Tanzania evicts Maasai to protect tourist wildlife

Thousands of pastoralists in northern Ngorongoro district made homeless as homes torched to protect wild game

Tanzania evicts Maasai to protect tourist wildlife

World Bulletin / News Desk

Simat Rotiken and his family are braving cold nights huddled under a tree after their homestead was burned down in a scheme to protect a disputed wildlife corridor.

They were driven from their pastures by security forces in a government policy aimed at securing the Loliondo Game Controlled Area next to the Serengeti National Park.

The government is seeking to force Maasai pastoralists off the land to preserve water supplies and resources for wild game, which is hunted by wealthy foreign tourists.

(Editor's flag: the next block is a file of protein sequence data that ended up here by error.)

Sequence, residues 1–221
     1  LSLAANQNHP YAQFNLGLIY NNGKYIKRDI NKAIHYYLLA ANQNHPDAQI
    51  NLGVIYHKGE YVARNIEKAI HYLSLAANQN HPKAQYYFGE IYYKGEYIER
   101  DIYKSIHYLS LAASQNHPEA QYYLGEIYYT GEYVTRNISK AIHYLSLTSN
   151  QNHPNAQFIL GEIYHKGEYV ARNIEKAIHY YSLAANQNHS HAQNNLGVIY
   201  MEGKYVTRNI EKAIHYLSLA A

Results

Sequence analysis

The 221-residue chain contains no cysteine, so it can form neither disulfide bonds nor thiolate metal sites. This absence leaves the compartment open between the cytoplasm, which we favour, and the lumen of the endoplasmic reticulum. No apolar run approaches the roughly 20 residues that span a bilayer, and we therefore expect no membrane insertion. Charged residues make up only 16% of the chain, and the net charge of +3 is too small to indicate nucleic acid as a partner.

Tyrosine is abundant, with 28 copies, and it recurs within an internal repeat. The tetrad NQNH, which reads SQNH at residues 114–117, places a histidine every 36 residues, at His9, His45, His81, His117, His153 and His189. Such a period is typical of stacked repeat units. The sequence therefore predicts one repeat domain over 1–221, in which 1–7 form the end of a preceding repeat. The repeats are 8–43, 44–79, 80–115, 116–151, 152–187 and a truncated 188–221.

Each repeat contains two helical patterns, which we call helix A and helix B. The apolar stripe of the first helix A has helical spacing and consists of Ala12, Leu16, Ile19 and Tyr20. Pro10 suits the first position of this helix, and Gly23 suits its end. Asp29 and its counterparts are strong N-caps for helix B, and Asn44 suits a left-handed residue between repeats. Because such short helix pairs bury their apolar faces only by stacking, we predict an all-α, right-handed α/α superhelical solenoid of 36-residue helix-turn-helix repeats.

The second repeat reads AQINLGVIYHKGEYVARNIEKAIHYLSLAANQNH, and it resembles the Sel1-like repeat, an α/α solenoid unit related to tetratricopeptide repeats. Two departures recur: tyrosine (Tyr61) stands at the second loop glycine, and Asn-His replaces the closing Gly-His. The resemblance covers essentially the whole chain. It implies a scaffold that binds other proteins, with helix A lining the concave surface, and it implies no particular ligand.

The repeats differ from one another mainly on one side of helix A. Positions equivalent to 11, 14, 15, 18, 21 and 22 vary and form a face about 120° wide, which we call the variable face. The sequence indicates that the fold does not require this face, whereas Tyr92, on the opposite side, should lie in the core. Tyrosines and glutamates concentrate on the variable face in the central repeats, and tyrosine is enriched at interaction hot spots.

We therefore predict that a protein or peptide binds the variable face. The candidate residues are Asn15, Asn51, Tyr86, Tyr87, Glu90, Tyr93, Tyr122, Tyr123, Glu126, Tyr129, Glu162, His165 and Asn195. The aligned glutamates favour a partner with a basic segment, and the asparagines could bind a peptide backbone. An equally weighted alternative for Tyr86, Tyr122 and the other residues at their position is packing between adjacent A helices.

According to the Ortello Business Corporation, a Dubai-based company that was granted exclusive hunting rights in the 1,500 square kilometer (580 square mile) corridor in 1992, human settlement and cattle grazing has reduced the numbers of wild game.

“The situation has been compounded by the impact of climate change… which has seen the drying up of water resources and diminishing flora and fauna in an otherwise semi-arid terrain,” a report released by the company in November 2016 said.

Ortello’s arrival has seen the Maasai, who have used the area for dry season grazing for centuries, forced away from the land.

“They came around dawn and started burning our huts, we had to flee to save our lives,” Rotiken said.

The 39-year-old herder is among many Maasai in the northern Ngorongoro district who are without shelter after their homes were razed to the ground to protect the corridor for hunters flown in by Ortello.


Güncelleme Tarihi: 22 Ağustos 2017, 11:48